It is not unusual for former city execs to parlay their expertise into a second career. For example, recently retired police chiefs from Santa Cruz, Capitola and Watsonville formed a consulting group — Belcher, Ehle, Medina & Associates — whose principles collectively take home nearly $390,000 in pensions annually.
Former Santa Cruz Police Chief Steve Belcher said the group has done work for the city of Watsonville before, and the group has done work for other California municipalities. He said their criteria is only whether the group’s expertise can help.
“If not, then we don’t do it,” Belcher said.
Pension proposals floating around Sacramento will slash future pension benefits 25 to 40 percent, according to one pension reform group. But some are raising the politically and legally difficult possibility of going even further by slashing existing worker benefits, an idea that would make the recent pension showdown in Wisconsin look like a Sunday picnic.
“Either the whole thing goes down like a house of cards, or we do something with the existing benefits,” said Marcia Fritz, president of the pension-reform group California Foundation for Fiscal Responsibility.
It is a nationwide problem, but whether the problem is worse than it used to be is not clear-cut. In 1975, the U.S. General Accounting Office estimated state and local pensions were underfunded by $175 billion, or $931 billion in today’s dollars. The Pew Center on the States recently estimated that state and local pensions are underfunded by a nearly equivalent amount — $1 trillion.
While the under funding grabs headlines, those figures can overstate the problem. Unfunded liabilities measure cash on hand versus future obligations, similar to comparing what’s in your bank account against what you owe on a home mortgage.
In fact, the GAO — while it doesn’t regulate public pension funds — recommends a minimum 80 percent funding level. According to the Pew Center, California’s largest public pension plans — including the California Public Employees Retirement Association and the California State Teacher’s Retirement Association — were funded at 87 percent before the economic collapse.
While they bottomed out at 60 percent, CalPERS has since regained nearly $70 billion in value, and is now funded at 70 percent. CalSTRS is funded at 71 percent. If nothing changes, both are projected to have sufficient funds for decades, though both acknowledge change is needed.
But a coalition does seem to be forming around reform. Gov. Jerry Brown even signaled that retirements for the men and women who put their lives on the line — law enforcement officials, whose generous pensions are among the leading culprits in the pension crisis — may have to be pushed back.
“I know some of you might not be ready for that, but we have to deal with pensions. That’s going to be part of the program,” Brown told a February meeting of the California Police Officers Association.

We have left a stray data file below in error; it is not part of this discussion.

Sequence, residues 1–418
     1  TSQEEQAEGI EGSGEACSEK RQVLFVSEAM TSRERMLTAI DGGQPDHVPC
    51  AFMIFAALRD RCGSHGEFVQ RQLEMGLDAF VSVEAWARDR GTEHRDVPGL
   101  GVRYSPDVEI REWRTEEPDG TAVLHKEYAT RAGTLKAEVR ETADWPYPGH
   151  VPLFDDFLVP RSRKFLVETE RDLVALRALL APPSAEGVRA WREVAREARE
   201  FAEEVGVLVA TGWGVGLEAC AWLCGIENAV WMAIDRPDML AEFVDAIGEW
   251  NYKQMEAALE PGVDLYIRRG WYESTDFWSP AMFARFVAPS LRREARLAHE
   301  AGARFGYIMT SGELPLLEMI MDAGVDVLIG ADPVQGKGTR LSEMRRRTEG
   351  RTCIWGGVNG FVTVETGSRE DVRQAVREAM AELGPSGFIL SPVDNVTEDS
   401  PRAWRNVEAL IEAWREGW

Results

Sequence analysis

Brown has since proposed a slate of pension reforms, including limiting how pensions can be calculated, limiting early retirements, requiring local governments to make scheduled pension contributions and prohibiting them from paying an employee’s share of pension costs, which several Santa Cruz-area governments do.
But it did not include delaying retirements, and many pension critics panned the proposals as insufficient.
It helps to understand how pensions work.
Pension payouts are funded mostly by investment returns on down payments made when a retiree was employed: every paycheck, the employee and employer kick in a share, and the money is invested in stocks, bonds, private equity accounts and more until an employee retires. That’s what funds retiree pensions, not present-day tax dollars
That common misconception frustrates many pensioners, especially when the media focuses on large, six-figure payouts, sometimes padded by financial gimmickry such as counting hefty one-time vacation payouts when calculating a pension.
“When I read those things in the paper they make me furious, because they’re really not about the reality for normal workers, for regular workers,” said Santa Cruz resident Roberta Barnett, a 63-year-old retired public health nurse.
“From the outside, people think you’re being given something,” she said. “But man, it’s really hard.”
The employee’s contribution is often fixed: say, 7 percent of their salary. The government’s share changes from year to year, based on numbers produced by accountants making sure state pension funds meet their future obligations.
And while many pensioners also get Social Security benefits, some don’t, typically teachers though often others as well. And even those that do get Social Security benefits can see those benefits — and even their pensions — reduced if they receive both.
Market returns were so high in the late 1990s and early 2000s that governments often paid nothing — their portion was annulled by booming stock values. That is an important factor in understanding how California — most states — got into this mess.
THE GOOD YEARS
For many years, investment returns were so good that the state’s pension funds asked local governments to contribute little, if anything, on behalf of their workers. For several years in the early 2000s, Santa Cruz County contributed nothing for its largest group of employees.
It was in that environment that the seeds were planted for what many see as an emerging crisis. Benefits were vastly improved, often through collective bargaining, though many say those increases often came in lieu of salary bumps.
The one decision often blamed for the state’s pension crisis was a political one — Senate Bill 400, a 1999 bill which sailed through both houses of the Legislature with a combined vote of 107-7.